Susan McBride, “In the Hot Seat”

Photo credit: Sarah Crowder

You might know Susan McBride as the author of the Debutante Dropout mysteries. Or maybe you remember the books she wrote about Detective Maggie Ryan. But, she’s launching a new series. You can either find out about it on Susan’s website,, or, better yet, you can enjoy the interview here. Susan graciously agreed to sit “In the Hot Seat.”

Susan, would you introduce yourself to readers?

I’m a writer with around twenty books to my credit, a breast cancer survivor who’s done lots of public speaking, and a full-time mother of a four-year-old. I’m pretty much either moving at full-speed or sound asleep.

Tell us about Detective Jo Larsen.

She’s a woman who’s still trying to figure out her own life, yet spends her days figuring out other people’s deaths. Her childhood pretty much sucked, but it’s given her great empathy for victims. She feels like she speaks for them and stands up for them. I recently told someone that Jo is my version of Jack Reacher, as she’s a bit of a loner and desperately wants justice served. But she works through the system and doesn’t physically kick anyone’s ass. I admire her inner strength, and I understand her trust issues. She’s a work-in-progress…and she knows it. I feel like there’s a lot still to learn about her, and I look forward to doing exactly that.


Without spoilers, tell us about Walk Into Silence.

I once stumbled upon a web site that featured unsolved FBI cases. There was a story about a woman whose body turned up in a quarry. I imagined an abandoned pit filled with murky glass-green water, and I wondered how she got there and what happened to her. My imagination turned that missing-persons case into Walk Into Silence. It’s the tale of Jenny Dielman, a quiet, unobtrusive Texas housewife on her second marriage, who disappears one evening after going shopping at a local warehouse club. By all appearances, her current husband is a control freak. He admits that his wife was being treated for PTSD after losing her only child, a tragedy that broke up her first marriage. Her ex-husband cheated on her and was potentially abusive.  So where is Jenny? Did she harm herself? Did someone else harm her? That’s what Jo Larsen, a detective on the Plainfield, Texas PD, has to find out.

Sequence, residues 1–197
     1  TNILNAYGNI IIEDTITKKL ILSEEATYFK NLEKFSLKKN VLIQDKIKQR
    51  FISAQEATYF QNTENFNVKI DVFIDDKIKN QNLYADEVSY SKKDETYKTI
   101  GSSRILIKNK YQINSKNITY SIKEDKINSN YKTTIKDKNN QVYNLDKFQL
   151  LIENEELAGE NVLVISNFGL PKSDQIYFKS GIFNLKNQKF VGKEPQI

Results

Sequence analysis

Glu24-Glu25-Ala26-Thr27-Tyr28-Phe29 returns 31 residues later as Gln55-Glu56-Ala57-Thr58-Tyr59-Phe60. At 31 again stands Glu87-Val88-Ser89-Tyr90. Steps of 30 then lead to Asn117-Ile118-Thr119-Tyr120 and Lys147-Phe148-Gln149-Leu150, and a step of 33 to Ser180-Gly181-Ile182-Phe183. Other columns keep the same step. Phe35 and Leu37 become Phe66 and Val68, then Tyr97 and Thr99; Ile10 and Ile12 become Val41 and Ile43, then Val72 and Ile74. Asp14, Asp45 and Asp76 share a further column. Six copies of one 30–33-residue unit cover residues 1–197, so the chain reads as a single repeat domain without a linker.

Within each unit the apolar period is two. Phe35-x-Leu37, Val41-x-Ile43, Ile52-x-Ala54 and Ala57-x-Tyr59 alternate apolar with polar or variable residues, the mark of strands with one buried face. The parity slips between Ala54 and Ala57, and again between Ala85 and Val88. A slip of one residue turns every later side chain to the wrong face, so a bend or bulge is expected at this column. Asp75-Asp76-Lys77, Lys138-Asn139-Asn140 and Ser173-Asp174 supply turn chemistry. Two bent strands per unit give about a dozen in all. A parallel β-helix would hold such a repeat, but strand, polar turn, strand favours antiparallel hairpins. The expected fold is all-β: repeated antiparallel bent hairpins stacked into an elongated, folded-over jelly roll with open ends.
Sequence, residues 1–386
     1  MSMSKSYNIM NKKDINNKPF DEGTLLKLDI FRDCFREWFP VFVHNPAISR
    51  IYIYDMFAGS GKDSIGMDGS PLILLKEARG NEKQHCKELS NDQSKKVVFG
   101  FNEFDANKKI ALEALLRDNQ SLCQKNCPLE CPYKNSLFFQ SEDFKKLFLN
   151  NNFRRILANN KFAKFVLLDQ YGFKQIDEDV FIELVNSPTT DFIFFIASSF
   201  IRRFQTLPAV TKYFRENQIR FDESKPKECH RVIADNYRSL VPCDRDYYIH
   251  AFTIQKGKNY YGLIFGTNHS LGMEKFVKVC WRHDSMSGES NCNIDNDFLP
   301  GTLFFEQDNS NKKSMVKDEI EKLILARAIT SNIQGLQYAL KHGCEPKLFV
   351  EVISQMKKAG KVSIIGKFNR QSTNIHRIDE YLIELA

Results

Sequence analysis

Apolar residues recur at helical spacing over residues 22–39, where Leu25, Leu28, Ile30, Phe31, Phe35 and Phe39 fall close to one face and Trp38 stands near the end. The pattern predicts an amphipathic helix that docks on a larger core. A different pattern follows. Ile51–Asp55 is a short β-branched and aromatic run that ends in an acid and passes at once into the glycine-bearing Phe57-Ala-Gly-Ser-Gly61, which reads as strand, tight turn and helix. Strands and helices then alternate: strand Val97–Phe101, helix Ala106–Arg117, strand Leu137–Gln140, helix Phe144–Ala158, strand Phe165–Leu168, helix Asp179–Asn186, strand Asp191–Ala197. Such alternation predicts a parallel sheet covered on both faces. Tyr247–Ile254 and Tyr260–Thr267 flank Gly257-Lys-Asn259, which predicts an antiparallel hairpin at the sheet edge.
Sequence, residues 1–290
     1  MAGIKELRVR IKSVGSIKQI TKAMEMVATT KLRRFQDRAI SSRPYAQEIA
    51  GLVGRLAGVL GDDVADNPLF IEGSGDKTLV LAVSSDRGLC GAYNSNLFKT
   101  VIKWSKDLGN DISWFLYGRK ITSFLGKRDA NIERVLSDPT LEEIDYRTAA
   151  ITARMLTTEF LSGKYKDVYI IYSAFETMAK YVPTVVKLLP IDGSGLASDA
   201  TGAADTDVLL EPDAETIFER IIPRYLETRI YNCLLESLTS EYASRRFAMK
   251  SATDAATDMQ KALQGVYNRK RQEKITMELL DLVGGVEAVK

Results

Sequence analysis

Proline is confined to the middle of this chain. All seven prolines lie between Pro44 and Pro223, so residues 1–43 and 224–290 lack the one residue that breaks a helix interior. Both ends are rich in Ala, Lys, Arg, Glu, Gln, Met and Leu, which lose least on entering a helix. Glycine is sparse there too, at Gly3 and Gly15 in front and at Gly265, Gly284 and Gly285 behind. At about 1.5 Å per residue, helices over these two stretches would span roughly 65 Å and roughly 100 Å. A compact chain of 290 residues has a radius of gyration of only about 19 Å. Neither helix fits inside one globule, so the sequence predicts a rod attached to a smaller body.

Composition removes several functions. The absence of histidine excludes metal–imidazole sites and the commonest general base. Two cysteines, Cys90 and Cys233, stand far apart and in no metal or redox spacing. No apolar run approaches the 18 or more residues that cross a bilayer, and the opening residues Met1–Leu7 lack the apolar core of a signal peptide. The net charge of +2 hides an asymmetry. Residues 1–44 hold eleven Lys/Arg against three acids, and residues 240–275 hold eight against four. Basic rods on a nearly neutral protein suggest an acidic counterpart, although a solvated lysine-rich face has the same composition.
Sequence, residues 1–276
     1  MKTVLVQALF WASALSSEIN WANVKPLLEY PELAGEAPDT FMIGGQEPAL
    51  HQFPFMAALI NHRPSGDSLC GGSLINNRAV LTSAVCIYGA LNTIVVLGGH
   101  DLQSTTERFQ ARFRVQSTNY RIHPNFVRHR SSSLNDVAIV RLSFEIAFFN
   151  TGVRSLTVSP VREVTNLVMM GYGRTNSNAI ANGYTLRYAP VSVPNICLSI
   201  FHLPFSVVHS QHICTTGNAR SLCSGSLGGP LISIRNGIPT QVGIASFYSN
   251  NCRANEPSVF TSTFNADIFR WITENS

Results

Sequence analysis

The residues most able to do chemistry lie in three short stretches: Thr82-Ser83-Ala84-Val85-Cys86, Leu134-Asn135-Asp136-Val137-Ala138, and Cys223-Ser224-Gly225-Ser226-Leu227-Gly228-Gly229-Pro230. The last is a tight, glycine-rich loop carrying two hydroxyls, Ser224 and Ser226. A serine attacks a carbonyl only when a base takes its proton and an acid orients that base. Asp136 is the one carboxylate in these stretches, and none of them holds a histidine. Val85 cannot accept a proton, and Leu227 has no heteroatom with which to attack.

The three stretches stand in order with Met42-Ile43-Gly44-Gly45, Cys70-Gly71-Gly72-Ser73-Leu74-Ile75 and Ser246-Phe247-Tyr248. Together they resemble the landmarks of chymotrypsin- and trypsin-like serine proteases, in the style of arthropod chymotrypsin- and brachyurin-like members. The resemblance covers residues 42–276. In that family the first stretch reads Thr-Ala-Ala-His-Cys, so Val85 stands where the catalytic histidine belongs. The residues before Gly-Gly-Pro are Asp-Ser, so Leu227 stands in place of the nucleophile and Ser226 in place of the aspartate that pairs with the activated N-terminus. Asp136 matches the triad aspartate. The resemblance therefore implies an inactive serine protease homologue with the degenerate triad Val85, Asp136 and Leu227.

Susan, what’s it like to start writing a darker series than you’ve written before?

I actually started my career with two small-press books that were pretty dark mysteries. More recently, I wrote a creepy mystery called Very Bad Things for the young adult market. So even though I’m better known for my humorous mysteries, aka, The Debutante Dropout books, it’s not unfamiliar territory. It’s just a bit trickier plotting a bigger book with more complex layers. I’m generally a very happy person (so much so I’ve been labeled “perky” once or twice), but my brain likes to lurch into worst case scenarios. I wish it didn’t, but that’s just how I’m wired. It’s actually cathartic. There’s so much bad in the world these days, I like knowing there will be resolution in my books. It’s interesting to explore the psychology of some of this bad stuff without delving into too much blood and gore.

Why Texas as the setting of your book?

I lived in Texas for 20 years so it’s a big part of my life. It’s a very colorful place in so many ways: the landscape, the people, and a Wild West mentality that lingers. I’ve set more books in Texas than in the Midwest, where I now live. I’m just drawn to it as a writer. Texas is a character in itself.

Changing subjects. What authors have inspired you?

Books like Eva Moves the Furniture by Margo Livesey and Lying Awake by Mark Salzman stick in my brain because they’re so unique and so compelling. I love Sarah Addison Allen’s tales of magical realism and the sweetness and Southern charm they evoke. Kent Krueger’s mysteries have such a rich, emotional feel and his Minnesota locales come so vividly to life. When I get lost in wonderful books by authors like these, it makes me want to do better.

One of my favorite quotes by an author is from Neil Gaiman. He said, “Trust your obsession.” Did you ever have an obsession that you had to turn into story? What was it?

Hmm, when I was a college freshman pledging a sorority filled with Texas debutantes, I envisioned writing a book someday that featured an anti-deb who rebelled against her posh childhood and her socialite mother. I got my wish with Blue Blood and all the Debutante Dropout Mysteries that followed. I still love the characters of Andy, my deb dropout, and Cissy, her Chanel-wearing mama. They are great company and much more fun than watching fledging debs practice their curtsies in study hall.

Other than your own, name a couple books you would never part with.

Iron Lake by Kent Krueger, Garden Spells by Sarah Addison Allen, Eva Moves the Furniture, Lying Awake, Stephen King’s On Writing, Letters to a Fiction Writer (edited by Frederick Busch), and my Harry Potter books. Oh, yeah, and my collection of Nancy Drews with the yellow spines that I plan to give my daughter someday!

What author would you like to recommend who you think has been underappreciated?

I love Maggie Barbieri’s books. She’s written lighter and darker, and I’ve enjoyed them all.

Because this will run before Christmas, tell us about your favorite Christmas book.

I don’t know if this qualifies as a Christmas book, but I’d have to say In God We Trust, All Others Pay Cash by Jean Shepherd. It’s a collection of humorous essays from his childhood in Indiana, some of which became “A Christmas Story.” I have a very well-read copy on-hand, and, of course, I love watching the movie every year, too.

Thank you, Susan, for taking time for the interview.

If you’re interested in Walk Into Silence, we’ll be glad to order it for you through the Web Store.